Emperor who has no clothes
By Eric Bloch
THERE is an old fable of an emperor who appeared before his subjects wearing no clothes. He was completely naked, but none of his subjects reacted to his nakedness.They were fearful of his possible anger if the
y caused him embarrassment by focusing upon his nudity. Instead, they all enthused widely, praising highly his non-existent outfit. This continued until eventually an innocent child spoke out, saying what all others were scared to say: “The King is in his birthday suit, he’s not wearing any clothes”.
Life in Zimbabwe has a very great similarity, in one respect, to that fable. Never endingly, for over 25 years, Zimbabweans have ululated with great ecstasy at many of the pronouncements of the country’s political leaders, irrespective of whether or not those pronouncements have any substance, and wholly disregarding the many occasions when the facts on the ground are diametrically opposite to that which the government spokesmen state.
One of the most recent instances of widely excited reception of assurances, promises and statements devoid of reality, occurred last week when the president addressed a gathering of war collaborators at the Zanu PF headquarters.
The crowd cheered vigorously at almost all that the president said, yet much of the content of his address demonstrated that his advisors and minions continue to misinform him as to what is genuinely the state of affairs in Zimbabwe. That was clearly apparent from the extent that he repeated unfulfilled, previously given assurances which are so overwhelming.
The president informed his audience that government was “working tirelessly” to address the socio-economic challenges created “by a combination of drought and sanctions” imposed on the country by Britain and her Western allies.
In practice, neither of these factors have been significant in the creation of the ever greater economic morass that has afflicted Zimbabwe for the past eight years.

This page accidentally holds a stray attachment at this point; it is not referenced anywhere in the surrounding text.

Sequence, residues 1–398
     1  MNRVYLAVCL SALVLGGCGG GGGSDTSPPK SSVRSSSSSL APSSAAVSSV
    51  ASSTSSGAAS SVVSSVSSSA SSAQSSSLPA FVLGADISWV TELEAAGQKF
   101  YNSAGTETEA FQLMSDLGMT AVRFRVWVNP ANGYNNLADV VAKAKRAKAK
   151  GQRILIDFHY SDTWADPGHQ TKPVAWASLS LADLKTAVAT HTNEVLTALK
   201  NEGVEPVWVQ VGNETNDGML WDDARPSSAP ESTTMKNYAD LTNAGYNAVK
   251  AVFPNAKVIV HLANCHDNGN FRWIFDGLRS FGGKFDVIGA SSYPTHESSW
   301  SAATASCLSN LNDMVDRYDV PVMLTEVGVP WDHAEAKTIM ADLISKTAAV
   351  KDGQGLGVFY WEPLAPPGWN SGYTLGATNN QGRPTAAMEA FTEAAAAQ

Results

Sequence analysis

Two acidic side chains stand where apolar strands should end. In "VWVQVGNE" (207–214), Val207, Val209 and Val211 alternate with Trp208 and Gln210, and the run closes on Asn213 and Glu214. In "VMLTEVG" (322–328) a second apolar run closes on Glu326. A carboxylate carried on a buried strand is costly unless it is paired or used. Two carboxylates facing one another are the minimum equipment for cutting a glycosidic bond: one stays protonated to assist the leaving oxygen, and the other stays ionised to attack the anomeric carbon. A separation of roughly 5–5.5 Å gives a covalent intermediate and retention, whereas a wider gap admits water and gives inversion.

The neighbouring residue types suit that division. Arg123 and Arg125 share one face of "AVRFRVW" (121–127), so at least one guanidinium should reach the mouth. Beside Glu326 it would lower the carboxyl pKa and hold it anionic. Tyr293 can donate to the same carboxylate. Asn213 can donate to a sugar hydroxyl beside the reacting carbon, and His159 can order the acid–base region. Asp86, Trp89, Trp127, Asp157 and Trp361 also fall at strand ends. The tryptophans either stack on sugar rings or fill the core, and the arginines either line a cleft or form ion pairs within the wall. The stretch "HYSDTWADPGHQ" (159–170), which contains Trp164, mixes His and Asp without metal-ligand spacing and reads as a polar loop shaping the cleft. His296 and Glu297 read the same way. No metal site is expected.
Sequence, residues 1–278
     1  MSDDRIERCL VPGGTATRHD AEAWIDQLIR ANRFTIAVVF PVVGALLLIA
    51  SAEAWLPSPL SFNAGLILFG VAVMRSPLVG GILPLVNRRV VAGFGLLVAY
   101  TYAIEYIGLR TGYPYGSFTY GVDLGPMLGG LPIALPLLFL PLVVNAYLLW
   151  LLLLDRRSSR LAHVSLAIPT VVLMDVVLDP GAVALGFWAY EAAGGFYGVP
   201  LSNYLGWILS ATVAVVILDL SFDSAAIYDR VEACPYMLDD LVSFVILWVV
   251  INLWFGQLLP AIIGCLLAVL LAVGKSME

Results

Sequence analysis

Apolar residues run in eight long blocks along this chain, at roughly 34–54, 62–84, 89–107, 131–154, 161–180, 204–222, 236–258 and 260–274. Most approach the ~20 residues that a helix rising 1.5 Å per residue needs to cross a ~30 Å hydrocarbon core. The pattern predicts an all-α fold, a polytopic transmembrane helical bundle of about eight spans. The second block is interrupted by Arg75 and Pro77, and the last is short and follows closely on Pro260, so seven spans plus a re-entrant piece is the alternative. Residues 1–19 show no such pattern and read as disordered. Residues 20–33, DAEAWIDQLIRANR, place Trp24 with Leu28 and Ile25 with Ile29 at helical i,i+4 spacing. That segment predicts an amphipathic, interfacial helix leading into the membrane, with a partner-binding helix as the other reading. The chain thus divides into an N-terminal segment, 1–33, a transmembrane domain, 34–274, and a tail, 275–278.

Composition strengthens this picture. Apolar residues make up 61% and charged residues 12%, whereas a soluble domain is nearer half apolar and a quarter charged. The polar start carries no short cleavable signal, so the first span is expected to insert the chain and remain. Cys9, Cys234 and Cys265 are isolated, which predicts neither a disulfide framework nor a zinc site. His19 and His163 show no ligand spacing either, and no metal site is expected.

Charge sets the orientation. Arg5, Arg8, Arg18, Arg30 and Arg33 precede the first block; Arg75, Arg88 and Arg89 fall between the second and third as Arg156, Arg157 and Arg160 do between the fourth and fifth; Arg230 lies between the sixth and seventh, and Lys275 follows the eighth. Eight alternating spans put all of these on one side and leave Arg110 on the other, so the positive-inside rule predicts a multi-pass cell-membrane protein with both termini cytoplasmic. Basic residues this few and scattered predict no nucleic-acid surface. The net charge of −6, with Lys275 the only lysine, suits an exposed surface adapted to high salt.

Whilst it must be acknowledged that much of the country was the victim of severe drought conditions during the last agricultural season, the negative impacts of drought would have been relatively minimal had it not been for other governmentally-created circumstances.
The first of these was that government totally mishandled the land reform programme.
Founded almost entirely upon racialism (in conflict with the constitution, and with international norms of justice), which racialism has been confirmed by Minister Didymus Mutasa’s vituperative attacks on white farmers as being “dirt” and “filth”, government evicted almost all, provenly productive, white farmers from their lands. It then replaced them, in the main — but with some notable exceptions — with those grossly lacking in farming skills and experience, and equally lacking in resources.
It is little wonder, therefore, that agricultural output fell cataclysmically. Government compounded this by turning a blind-eye to widescale vandalisation of irrigation equipment which precluded the effects of drought to being overcome by crop irrigation.
In case this was not sufficient to destroy the agricultural sector and reduce much of the population to starvation, government then failed to arrange the timeous availability of agricultural inputs including seed, fertilisers, chemicals and insecticides. It has yet to explain why fertilisers made available after harvest time failed to enhance the harvest, or why an availability of seed for 650 000 tonnes of maize failed to produce 1,8 million tonnes!
However, the starving can take heart and comfort from the presidential assurances that necessary steps have been taken to ensure that inputs are available ahead of the forthcoming season.
He states that all required inputs have been, or are being, obtained, and will be available at the commencement of the season. Unfortunately, the information flowing from the suppliers is at variance with that “good news”.
One of the fertiliser factories is on the verge of closure as it has not been given foreign currency needed to source its manufacturing inputs.